Starbucks is the latest major advertiser to withdraw from advertising on social media platforms.
The coffee giant also said it will continue to have discussions internally and with its media partners as well as civil rights organizations to stop the spread of hate speech.
“We believe in bringing communities together, both in person and online, and we stand against hate speech. We believe more must be done to create welcoming and inclusive online communities, and we believe both business leaders and policy makers need to come together to affect real change,” Starbucks said.
A campaign organized by the Anti-Defamation League or ADL is seeking advertisers to suspend their ad spending on Facebook and Instagram for the month of July 2020.
The “Stop Hate for Profit” campaign has been organized to protest against Facebook’s handling of objectionable posts as well as its moderation approach.
On Friday, Verizon said it has joined the ongoing advertising boycott of Facebook and Instagram. Ice cream brand Ben & Jerry’s as well as various sports and outdoor lifestyle companies have already joined the Facebook boycott.
While the boycott initially began with Facebook, it has now spread to other social media platforms too.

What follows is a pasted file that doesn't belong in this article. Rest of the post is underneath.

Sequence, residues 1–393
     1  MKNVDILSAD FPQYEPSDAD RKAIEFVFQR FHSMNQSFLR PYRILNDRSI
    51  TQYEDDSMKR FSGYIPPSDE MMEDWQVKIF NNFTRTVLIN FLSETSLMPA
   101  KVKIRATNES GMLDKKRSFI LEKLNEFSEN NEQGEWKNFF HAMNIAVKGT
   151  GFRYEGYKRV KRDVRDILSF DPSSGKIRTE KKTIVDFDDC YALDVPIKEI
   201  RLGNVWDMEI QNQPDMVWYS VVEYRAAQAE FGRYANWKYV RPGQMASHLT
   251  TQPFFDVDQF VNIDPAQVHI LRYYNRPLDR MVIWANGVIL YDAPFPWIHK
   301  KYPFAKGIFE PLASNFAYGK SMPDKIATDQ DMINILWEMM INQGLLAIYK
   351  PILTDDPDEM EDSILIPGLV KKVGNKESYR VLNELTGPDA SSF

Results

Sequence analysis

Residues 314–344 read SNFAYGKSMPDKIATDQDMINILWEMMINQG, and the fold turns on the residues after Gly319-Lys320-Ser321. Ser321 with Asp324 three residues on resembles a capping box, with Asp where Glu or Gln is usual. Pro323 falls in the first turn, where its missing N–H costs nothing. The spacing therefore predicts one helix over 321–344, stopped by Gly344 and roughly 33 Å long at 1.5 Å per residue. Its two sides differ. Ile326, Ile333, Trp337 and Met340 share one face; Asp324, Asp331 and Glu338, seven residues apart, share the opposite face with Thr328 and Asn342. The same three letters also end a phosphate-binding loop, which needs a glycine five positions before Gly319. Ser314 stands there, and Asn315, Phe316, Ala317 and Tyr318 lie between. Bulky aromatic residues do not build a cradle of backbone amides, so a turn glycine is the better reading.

Unilever said Friday it would not run brand advertising on Facebook, Twitter, and Instagram in the U.S. until at least the end of this year. The consumer goods giant noted that more needs to be done by its social media partners in the areas of “divisiveness and hate speech during this polarized election period in the U.S.”
Coca-Cola Co. said it will halt advertising on all social media platforms globally for at least 30 days, saying there was no place for racism on social media.
Facebook has come under intense pressure to improve how it moderates the content on its platform, including recent controversial posts by U.S. President Donald Trump.
In response to the boycott campaign, Facebook chief executive officer Mark Zuckerberg said late Friday that his company would change its policies to prohibit hate speech in its advertisements.
The social media giant added it will expand its policies to better protect immigrants, migrants, refugees and asylum seekers from ads that suggest these groups are inferior or express contempt, dismissal or disgust directed at them.
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